Friday, December 21, 2007

Changing Hyderabad

On my recent trip to India I noticed something very important.  It had been silently happening for quite a few years and despite my frequent visits to Hyderabad I had failed to notice it earlier.  Rest of what follows is a discussion of this change.

First, the city's shifting CG

Much of old hyderabad is being pulled down to widen roads for an ever growing city's traffic needs.  Hyderabad is a 400 year old city that grew organically and therefore always lacked a well planned city's architectural blueprint. The CG of this large city lay somewhere near the nallakunta/himayathnaga/chikkadapalli (NHC) area.  These areas are very densely populated but lacked the necessary roads to move a huge population daily.  I bet, many of us remember the bus routes 1, 6, 136 etc. that plies these areas and how nightmarish it was to get to our destinations on time along these routes.  However these areas offered great schools, good commercial establishments, cinema houses and almost formed the heart of the city.  Many would eagerly disagree with me saying that Kothi or Abids woudl be the heart, but I would respond saying those areas were not residential.  The uniqueness of the NHC area was its offering of residences, schools, shopping and culture(read cinema!).

The newer hyderabad - much of the newer municipalities that were subsumed by the metropolis were somewhat better laid out. Although the city experienced a huge population boom on its periphery, the thickly populated central areas experienced a boom in apartments and therefore the CG still remained in the NHC area.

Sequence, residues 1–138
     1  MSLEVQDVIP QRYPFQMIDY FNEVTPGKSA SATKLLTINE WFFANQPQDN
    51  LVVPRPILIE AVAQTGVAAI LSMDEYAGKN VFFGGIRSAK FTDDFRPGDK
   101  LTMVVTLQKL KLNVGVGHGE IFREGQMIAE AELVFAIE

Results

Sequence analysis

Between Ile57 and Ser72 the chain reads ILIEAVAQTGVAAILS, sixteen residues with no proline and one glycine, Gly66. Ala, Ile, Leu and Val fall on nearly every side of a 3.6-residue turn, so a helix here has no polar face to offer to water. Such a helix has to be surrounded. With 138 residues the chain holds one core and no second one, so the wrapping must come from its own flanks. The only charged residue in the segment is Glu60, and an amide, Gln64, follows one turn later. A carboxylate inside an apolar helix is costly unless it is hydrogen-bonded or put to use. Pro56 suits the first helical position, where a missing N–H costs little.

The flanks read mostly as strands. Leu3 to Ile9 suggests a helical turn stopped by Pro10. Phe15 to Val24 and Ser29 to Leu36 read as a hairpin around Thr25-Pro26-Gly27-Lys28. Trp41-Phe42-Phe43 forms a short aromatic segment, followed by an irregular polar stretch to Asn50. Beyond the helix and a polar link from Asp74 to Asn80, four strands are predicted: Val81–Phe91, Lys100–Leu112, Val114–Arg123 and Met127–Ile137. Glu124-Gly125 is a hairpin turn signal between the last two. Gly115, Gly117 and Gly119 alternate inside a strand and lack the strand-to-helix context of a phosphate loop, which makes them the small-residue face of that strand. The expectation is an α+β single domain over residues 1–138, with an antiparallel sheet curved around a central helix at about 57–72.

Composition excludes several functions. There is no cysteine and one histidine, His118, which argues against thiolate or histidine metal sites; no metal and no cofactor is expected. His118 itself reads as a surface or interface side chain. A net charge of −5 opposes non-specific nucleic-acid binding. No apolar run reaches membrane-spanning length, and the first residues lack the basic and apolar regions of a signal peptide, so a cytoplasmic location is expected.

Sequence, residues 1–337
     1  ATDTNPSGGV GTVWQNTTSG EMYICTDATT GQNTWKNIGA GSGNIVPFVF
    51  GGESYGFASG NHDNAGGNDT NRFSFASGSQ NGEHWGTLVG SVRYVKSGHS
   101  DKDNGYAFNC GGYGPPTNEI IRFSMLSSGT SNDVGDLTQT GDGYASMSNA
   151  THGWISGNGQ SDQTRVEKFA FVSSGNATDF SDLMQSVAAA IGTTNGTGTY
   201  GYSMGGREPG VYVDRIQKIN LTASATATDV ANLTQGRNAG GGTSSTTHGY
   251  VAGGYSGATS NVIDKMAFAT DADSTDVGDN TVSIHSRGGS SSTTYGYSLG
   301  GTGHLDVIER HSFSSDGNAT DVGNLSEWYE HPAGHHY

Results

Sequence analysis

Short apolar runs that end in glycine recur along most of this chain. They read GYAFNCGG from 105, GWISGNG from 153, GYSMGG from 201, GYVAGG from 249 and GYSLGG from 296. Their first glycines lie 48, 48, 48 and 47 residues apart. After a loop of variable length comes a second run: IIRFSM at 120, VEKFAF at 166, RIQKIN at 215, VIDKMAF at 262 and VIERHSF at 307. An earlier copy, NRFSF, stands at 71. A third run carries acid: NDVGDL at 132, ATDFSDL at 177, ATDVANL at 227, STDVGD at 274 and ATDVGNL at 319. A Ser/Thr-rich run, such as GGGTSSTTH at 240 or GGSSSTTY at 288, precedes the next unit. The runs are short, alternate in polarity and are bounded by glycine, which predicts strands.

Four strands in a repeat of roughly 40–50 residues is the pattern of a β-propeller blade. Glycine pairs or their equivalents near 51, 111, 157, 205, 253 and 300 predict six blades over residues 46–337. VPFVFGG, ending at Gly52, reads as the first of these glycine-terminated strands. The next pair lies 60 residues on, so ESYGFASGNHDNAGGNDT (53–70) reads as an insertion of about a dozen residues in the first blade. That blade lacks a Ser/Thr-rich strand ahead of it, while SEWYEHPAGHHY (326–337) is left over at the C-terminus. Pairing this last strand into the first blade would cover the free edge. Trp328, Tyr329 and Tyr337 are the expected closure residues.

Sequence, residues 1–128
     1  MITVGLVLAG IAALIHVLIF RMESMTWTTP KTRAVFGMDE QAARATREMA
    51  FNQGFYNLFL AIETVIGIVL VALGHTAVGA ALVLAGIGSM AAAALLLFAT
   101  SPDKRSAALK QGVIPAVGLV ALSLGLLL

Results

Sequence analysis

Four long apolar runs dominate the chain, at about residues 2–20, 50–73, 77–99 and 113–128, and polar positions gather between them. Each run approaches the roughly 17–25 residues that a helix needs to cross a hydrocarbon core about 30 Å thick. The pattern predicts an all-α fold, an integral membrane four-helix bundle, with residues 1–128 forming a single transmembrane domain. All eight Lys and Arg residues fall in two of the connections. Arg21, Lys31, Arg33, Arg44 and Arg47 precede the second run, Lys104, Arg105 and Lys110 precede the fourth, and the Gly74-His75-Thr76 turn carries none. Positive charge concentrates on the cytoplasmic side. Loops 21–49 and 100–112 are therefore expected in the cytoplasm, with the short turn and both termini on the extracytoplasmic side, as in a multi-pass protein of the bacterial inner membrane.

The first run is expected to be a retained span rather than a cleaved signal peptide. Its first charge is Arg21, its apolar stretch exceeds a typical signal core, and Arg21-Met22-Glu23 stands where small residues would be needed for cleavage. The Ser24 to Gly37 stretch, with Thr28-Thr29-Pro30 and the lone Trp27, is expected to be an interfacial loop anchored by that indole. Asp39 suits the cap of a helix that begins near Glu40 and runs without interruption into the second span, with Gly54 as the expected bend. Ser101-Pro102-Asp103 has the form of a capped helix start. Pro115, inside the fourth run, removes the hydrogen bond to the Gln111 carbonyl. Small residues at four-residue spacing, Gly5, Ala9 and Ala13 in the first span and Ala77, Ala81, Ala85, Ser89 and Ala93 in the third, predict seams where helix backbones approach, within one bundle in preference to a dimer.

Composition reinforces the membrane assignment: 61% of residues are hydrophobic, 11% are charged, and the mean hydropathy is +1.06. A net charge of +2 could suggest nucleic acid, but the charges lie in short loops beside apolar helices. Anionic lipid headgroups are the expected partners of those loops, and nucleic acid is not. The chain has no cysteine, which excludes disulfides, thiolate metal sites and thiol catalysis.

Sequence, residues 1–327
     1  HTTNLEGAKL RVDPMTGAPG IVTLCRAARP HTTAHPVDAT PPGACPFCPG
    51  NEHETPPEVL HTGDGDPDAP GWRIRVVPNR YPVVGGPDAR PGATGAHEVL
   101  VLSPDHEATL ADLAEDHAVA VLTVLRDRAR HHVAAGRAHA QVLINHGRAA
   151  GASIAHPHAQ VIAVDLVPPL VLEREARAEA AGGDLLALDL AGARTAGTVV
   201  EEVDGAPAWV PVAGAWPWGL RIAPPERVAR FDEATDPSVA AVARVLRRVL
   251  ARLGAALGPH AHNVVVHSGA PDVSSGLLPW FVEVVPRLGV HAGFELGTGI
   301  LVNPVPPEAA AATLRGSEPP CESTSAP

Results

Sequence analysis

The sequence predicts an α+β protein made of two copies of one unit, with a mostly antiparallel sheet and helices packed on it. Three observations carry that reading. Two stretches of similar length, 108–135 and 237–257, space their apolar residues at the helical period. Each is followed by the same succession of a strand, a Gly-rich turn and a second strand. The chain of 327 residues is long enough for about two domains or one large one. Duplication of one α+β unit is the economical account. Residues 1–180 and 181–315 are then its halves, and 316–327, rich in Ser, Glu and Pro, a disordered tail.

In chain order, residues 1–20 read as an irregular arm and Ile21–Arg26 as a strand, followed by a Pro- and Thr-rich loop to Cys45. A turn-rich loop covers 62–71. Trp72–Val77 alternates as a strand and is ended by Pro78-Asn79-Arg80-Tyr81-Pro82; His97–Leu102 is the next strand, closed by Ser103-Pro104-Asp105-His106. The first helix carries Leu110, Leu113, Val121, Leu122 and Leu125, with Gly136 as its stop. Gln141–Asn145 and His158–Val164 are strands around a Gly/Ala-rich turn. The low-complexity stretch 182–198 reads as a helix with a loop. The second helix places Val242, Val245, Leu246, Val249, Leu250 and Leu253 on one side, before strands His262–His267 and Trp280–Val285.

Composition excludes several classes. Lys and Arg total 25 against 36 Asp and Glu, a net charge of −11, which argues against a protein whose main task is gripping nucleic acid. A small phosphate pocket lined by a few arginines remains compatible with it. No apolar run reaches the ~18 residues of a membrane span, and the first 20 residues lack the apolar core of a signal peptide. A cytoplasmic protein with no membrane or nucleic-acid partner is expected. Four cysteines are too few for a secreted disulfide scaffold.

Then came the hi-tech city and the subsequent boom around Madhapur, Kondapur .. whatever (I bet you can smell the spite in my tone).  The CG is no longer in the NHC area, but probably somewhere around the Ameerpet area.  Huge colonies have sprung up all over the place and apartment values have gotten close to a crore.  However, the roads have not kept pace with apartments and as a result, the city is beginning to face the strain of structural imbalance.  The rich are buying Camrys and Accords and are competing for the same road space with the Activas and Pulsars.  The nouveau riche are trading their bikes for Indigos and Vernas.  They are all shopping at Hyderabad Central, watching movies at Prasad's and buying apartments in Madhapur.  The administration's solution to an increasingly demanding populace's traffic needs is road widening. At first glance, it might seem like a good solution.  Let's not jump the gun.  Let's remember one thing - London was not built on great roads. that nicely leads to my second point.

Hyderabad's lack of Mass Transit

The more roads are widened, the more people will upgrade to cars and other private modes of transport.  Thus, greater will be the strain on the existing road network. It was the government's short-sightedness that they did not initiate a much needed massive overhaul of the public transportation system.  Great cities of the developed world are not built on private transport that ply the roads but on public infrastructure - particularly an effective mass transit system such as a metro rail network.  Although the government has now planned something on these lines, I feel it is 5 years too late and the city has grown too fats in the last five years.  From now on, I feel we can only play catch up.  The government is planning to build a couple of main lines as part of the mass transit system and these are going to run through the heart of the city's residential neighborhoods.  A public nightmare, I am sure.